Village Savings and Loan Associations: experience from Zanzibar

This paper describes Village Savings and Loan Associations (VSLA) as a time-bound accumulating savings and credit association (ASCA). In it, 15 to 30 people save regularly and borrow from the group fund. Loans are repaid with interest, and have a period usually between one and three months. On a date chosen by the members, usually after about a year, all the financial assets are divided amongst the members in proportion to each one’s savings. This payout is called the “action audit”. The groups normally reform immediately and start a new cycle of savings ad lending.

The VSLA methodology proposes that once mature, groups can function with no external support. Its proponents suggest that in the best programmes, 95% of the groups continue to function after two years and that the model reaches deeper into rural areas and serves poorer people than other microfinance models. The objective of this study was to examine the performance of VSLA groups in Zanzibar after several years of operation independent of CARE or other non-governmental organisations (NGOs). It also sought to understand the outreach of the programme to poorer members of the community, and its ability to provide useful services and produce change in the lives of users.

The objective is formulated into five key research questions around which the results are presented:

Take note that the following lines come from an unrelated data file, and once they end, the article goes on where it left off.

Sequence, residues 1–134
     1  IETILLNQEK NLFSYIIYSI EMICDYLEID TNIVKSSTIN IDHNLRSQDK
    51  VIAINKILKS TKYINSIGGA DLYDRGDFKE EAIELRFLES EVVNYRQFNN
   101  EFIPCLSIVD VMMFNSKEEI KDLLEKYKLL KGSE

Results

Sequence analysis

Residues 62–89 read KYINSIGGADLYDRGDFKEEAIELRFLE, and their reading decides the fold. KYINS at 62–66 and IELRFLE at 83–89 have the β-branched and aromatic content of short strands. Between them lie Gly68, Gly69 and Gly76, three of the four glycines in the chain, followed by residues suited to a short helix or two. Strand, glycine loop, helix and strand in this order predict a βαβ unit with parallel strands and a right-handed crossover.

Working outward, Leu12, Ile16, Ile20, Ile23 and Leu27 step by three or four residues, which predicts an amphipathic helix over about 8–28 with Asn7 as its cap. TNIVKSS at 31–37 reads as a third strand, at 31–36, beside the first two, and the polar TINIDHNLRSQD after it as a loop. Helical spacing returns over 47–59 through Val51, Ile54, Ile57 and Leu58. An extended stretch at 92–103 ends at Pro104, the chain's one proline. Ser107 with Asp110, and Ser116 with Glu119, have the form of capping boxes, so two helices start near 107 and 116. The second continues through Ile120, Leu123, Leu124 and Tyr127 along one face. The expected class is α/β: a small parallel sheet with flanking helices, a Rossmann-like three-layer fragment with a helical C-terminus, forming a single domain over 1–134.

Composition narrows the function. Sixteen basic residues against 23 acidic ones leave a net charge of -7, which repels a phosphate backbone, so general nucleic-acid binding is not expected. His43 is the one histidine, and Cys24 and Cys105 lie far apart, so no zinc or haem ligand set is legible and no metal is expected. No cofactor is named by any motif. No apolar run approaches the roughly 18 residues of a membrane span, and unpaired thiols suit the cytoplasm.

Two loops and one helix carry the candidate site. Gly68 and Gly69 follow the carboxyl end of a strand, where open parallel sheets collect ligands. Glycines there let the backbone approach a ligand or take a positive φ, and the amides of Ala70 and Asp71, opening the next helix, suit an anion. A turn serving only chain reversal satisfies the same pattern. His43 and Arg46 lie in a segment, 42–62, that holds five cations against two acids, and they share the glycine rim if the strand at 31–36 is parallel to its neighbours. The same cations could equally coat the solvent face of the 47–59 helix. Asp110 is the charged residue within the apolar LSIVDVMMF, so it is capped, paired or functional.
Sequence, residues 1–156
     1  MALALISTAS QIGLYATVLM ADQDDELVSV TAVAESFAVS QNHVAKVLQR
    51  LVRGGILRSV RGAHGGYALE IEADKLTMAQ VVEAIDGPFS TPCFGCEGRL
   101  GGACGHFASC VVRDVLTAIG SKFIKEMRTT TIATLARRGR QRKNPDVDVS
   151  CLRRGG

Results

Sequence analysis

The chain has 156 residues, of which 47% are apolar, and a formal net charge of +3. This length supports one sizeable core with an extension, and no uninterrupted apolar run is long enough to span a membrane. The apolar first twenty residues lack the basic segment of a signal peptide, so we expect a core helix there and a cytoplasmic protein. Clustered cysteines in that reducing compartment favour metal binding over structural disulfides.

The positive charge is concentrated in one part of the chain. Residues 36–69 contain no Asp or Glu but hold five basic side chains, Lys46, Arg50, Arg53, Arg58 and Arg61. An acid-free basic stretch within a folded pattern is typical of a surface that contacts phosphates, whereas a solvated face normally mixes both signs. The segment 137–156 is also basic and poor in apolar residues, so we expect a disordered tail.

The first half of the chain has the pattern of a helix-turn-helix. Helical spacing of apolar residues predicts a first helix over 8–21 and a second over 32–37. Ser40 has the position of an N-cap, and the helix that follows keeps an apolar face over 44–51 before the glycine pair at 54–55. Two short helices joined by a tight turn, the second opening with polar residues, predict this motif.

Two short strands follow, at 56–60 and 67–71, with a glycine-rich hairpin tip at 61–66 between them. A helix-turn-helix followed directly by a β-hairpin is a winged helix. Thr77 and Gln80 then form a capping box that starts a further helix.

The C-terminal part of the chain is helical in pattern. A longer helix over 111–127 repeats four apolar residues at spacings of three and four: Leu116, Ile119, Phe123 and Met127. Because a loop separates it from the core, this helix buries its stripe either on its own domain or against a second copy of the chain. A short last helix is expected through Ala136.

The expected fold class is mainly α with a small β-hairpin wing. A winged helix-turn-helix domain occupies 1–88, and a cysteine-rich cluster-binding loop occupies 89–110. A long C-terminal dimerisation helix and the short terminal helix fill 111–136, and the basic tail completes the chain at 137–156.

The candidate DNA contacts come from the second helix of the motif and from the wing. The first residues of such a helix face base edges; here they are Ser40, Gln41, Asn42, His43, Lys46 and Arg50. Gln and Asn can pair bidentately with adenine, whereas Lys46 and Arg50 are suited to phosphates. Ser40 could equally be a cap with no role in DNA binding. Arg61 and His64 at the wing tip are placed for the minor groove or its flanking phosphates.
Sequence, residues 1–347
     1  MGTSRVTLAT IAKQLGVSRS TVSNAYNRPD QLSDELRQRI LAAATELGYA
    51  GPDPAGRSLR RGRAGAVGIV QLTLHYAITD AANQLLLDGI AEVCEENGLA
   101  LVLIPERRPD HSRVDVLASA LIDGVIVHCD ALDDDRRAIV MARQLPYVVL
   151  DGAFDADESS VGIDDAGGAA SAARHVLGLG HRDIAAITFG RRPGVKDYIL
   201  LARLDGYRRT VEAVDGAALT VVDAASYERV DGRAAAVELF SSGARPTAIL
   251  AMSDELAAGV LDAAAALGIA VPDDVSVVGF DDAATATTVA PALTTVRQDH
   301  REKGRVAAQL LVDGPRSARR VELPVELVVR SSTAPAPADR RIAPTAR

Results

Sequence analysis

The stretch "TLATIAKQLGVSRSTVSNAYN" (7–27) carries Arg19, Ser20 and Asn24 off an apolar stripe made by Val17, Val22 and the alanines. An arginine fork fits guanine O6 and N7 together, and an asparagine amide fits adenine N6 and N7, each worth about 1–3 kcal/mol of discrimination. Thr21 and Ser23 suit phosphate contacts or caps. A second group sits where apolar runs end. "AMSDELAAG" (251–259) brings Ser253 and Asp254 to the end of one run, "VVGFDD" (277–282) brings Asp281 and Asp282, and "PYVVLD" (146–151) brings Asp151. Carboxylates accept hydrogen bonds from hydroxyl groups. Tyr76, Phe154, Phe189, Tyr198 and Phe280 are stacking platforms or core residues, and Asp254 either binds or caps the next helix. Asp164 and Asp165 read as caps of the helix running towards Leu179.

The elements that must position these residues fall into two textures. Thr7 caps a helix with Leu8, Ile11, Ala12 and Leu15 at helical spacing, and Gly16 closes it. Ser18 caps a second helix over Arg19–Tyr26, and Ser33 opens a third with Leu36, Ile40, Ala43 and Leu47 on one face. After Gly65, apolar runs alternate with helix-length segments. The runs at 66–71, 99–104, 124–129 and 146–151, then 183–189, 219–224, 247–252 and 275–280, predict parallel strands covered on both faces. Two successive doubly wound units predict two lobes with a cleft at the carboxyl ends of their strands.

1. To investigate the performance of VSLAs in terms of both outreach and sustainability in the period since CARE stopped training the groups and turned that function over to the local organisation, covering both numbers of clients and indicators of groups’ financial performance, including loan and savings volumes, arrears and default.
  2. To investigate the role of village trainers as support service providers in ongoing support to groups and expansion of the VSLA model.
  3. To investigate the poverty outreach of the VSLAs in terms of both client poverty levels and location in the context of the social and economic context of Zanzibar and availability of services from other microfinance providers.
  4. To investigate the usefulness of the financial services provided by the groups to the livelihoods of the members, and the role the savings and loans play in supporting the livelihoods of their users.
  5. To investigate through qualitative research the experience of the groups and their members in relation to internal group dynamics and how these have operated over time.
  • Resource type
  • Author Anyango, E, Esipisu, E, Opoku, L, Johnson, S, Malkamaki, M, and Musoke, C
  • Organisation
  • Year of Publication2006
  • Region
  • LanguageEnglish
  • Number of pages80 pp.
  • EditionDFID Financial Sector Deepening Project Uganda

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